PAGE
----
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George Stubbs

17 of 868 portraits matching these criteria:

- subject matching 'Making art'
- 'Image on website'

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George Stubbs

by George Stubbs
enamel on Wedgwood plaque, 1781
27 1/2 in. x 20 7/8 in. (697 mm x 531 mm) oval
Purchased with help from the Art Fund, 1967
Primary Collection
NPG 4575

Sitterback to top

  • George Stubbs (1724-1806), Painter and anatomist. Sitter in 9 portraits, Artist associated with 6 portraits.

Artistback to top

  • George Stubbs (1724-1806), Painter and anatomist. Artist associated with 6 portraits, Sitter in 9 portraits.

This portraitback to top

The fine neoclassical frame is of a type used by Stubbs for his large enamel paintings in the early 1780s; the design seems to have been originated by Wedgwood with the help of his partner Thomas Bentley and the framemaker Thomas Vials.

Linked publicationsback to top

  • Smartify image discovery app
  • Ingamells, John, National Portrait Gallery: Mid-Georgian Portraits 1760-1790, 2004, p. 450
  • Kidson, Alex, Earlier British paintings in the Lady Lever Art Gallery, 1999, p. 159
  • Saywell, David; Simon, Jacob, Complete Illustrated Catalogue, 2004, p. 597
  • Simon, Jacob, The Art of the Picture Frame: Artists, Patrons and the Framing of Portraits in Britain, 1997 (accompanying the exhibition at the National Portrait Gallery from 8 November 1996 - 9 February 1997), p. 96, 163 Read entry

    Carved and gilt pine, mitred, keyed and pinned, the fluted section fixed to the pine subframe, the back, top and sight edge moulding carved in box or another hardwood and applied, the oil gilding very friable leaving the gesso visible in many places, the working in the gesso at the mitre leaves also visible. 4 3⁄ 8 inches wide, excluding the spandrels.

    The influence of Josiah Wedgwood on Stubbs's choice of this frame style for his enamel paintings on Wedgwood plaques in the early 1780s is apparent from Wedgwood's correspondence with his partner, Thomas Bentley. The type can be found on Isabella Saltonstall (Fitzwilllam Museum) and The Farmer’s Wife and the Raven (Lady Lever Art Gallery), both plaques of 1782, and in much the same form on WiIliam Anderson with his Two Saddle-horses (Royal Collection), an oil of 1793. Whether Stubbs used Wedgwood's framemaker, Thomas Vials, is not documented, but subsequently he seems to have used another framemaker, Thomas Allwood, who framed two of his pictures for Sir John Nelthorpe in 1785 and eight for the Prince of Wales in 1793 (the bill being endorsed by Stubbs).1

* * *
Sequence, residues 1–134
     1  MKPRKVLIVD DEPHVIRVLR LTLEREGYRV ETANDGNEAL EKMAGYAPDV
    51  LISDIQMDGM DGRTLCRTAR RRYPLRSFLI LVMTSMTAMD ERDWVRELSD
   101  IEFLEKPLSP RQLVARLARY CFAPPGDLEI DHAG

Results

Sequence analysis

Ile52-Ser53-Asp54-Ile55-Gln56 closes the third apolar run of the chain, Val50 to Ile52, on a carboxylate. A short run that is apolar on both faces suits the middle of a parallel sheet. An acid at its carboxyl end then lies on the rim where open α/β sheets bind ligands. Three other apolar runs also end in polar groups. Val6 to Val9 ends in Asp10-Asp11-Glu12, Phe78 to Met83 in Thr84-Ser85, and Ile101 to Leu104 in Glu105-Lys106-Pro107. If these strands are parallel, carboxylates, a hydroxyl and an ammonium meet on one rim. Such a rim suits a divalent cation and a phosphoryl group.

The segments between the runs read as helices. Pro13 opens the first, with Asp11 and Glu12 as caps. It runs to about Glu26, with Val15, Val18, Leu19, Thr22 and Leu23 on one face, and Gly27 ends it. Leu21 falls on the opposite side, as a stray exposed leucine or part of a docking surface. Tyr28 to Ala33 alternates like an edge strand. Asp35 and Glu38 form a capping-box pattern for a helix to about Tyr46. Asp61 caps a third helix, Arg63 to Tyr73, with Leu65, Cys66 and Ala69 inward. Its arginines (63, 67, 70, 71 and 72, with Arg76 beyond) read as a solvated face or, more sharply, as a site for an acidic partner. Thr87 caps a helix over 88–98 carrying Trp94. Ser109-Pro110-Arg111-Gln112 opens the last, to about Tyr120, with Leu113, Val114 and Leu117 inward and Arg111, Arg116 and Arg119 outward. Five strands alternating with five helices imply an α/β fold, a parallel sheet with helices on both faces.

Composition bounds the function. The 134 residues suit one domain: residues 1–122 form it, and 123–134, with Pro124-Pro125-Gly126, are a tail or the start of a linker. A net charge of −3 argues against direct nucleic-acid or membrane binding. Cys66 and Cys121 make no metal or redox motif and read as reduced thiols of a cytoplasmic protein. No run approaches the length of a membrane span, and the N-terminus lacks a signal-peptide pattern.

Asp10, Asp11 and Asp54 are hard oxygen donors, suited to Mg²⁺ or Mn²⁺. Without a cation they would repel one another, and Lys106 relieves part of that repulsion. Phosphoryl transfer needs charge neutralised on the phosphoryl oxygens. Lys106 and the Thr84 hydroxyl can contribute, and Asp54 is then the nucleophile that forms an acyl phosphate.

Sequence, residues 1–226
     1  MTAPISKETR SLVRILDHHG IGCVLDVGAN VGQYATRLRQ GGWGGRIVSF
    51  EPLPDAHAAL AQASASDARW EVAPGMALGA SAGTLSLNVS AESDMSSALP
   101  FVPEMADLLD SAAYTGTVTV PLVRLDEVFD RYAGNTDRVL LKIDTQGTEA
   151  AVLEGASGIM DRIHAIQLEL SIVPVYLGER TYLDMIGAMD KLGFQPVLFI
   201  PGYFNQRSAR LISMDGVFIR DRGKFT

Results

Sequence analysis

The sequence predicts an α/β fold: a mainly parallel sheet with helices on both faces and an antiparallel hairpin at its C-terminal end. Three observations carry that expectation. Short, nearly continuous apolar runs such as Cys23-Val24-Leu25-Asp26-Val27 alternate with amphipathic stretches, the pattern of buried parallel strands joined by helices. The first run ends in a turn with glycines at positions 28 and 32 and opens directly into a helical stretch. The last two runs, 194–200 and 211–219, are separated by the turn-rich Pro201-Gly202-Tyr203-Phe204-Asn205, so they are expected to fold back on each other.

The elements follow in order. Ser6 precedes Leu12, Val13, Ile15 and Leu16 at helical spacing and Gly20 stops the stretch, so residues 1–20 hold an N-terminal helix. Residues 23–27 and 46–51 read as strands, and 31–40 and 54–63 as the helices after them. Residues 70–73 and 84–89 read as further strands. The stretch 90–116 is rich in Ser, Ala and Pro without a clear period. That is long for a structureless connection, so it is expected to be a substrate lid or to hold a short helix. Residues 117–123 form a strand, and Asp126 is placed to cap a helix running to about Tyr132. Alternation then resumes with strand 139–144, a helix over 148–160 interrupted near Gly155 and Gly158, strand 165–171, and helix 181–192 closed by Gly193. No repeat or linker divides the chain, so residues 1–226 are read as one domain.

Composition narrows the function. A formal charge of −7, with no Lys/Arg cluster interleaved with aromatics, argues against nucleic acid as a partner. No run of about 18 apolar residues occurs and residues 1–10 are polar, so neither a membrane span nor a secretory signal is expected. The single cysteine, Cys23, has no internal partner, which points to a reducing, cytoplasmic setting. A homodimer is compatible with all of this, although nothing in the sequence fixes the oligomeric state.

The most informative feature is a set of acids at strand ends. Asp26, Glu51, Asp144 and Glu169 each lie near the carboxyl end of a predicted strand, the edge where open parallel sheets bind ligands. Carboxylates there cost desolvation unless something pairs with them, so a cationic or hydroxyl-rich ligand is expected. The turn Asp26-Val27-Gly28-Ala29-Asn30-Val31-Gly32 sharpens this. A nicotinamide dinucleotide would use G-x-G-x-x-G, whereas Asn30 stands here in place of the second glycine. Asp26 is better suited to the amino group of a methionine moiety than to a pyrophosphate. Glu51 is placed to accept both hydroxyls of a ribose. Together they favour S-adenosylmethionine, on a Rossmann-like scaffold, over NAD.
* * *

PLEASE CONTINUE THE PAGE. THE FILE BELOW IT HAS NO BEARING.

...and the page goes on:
1 For Vials see p 132; for Allwood see Geoffrey Beard and Christopher Gilbert (eds), Dictionary of British Furniture Makers 160-1840, Furniture History Society, 1986, p 11 and Oliver Millar, The Later Georgian Portraits in the Collection of Her Majesty the Queen, 1969, p 122.

  • Stubbs, George (English painter, 1724-1806), George Stubbs (1724-1806) : science into art., 2012 (accompanying the exhibition at the National Portrait Gallery from 26 Jan.-6 May 2012), p. 169

Events of 1781back to top

Current affairs

American painter John Singleton Copley, now resident in London, completes his celebrated painting The Death of the Earl of Chatham, depicting the collapse of William Pitt, 1st Earl of Chatham on 7 April 1778, during a debate in the House of Lords on the American War of Independence.
William Pitt the Younger, later Prime Minister, enters Parliament.

Art and science

Astronomer William Herschel discovers Uranus, the first planet to be found by means of a telescope, and names it Georgium Sidus (George's Star) in honour of George III.
Artist and theatre designer Philip James De Loutherbourg presents his innovative miniature mechanical theatre, the Eidophusikon, at his house in Soho, London.


American War of Independence: British general Charles Cornwallis is forced to surrender at Yorktown. Maryland ratifies the Articles of Confederation - the last state to do so - completing 'the Confederation of the United States'.
Zong Massacre: 133 Africans are thrown overboard the slave ship Zong on the orders of a British slave-trader who then attempts to reclaim their value from insurers. The case becomes a landmark in the fight for abolition.

Tell us more back to top

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